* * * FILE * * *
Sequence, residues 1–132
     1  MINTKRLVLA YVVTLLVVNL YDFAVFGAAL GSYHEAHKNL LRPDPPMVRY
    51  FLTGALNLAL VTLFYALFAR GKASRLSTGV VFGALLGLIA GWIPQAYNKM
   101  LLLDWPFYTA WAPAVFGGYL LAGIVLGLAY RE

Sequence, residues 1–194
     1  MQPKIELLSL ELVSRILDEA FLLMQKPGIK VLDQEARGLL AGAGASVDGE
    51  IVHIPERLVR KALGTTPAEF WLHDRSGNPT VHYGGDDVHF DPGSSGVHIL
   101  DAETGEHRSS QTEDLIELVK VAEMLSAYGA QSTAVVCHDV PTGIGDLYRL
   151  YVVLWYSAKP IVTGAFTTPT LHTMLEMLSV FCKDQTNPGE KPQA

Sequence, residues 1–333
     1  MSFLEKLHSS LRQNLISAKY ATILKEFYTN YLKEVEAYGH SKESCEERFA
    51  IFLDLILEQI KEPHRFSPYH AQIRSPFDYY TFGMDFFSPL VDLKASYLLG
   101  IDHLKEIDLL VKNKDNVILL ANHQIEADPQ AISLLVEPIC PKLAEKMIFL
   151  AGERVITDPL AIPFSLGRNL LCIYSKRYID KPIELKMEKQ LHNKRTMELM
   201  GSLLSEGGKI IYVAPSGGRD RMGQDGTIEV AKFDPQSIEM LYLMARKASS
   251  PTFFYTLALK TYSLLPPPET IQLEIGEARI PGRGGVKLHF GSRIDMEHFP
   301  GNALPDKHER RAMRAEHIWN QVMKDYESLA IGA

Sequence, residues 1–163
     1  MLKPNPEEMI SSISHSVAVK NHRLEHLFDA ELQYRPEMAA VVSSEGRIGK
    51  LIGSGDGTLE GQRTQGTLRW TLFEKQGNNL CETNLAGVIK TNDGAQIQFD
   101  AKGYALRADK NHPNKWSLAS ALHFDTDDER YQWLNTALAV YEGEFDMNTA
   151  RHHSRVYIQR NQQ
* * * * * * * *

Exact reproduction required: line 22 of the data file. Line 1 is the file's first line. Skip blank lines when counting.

   151  RHHSRVYIQR NQQ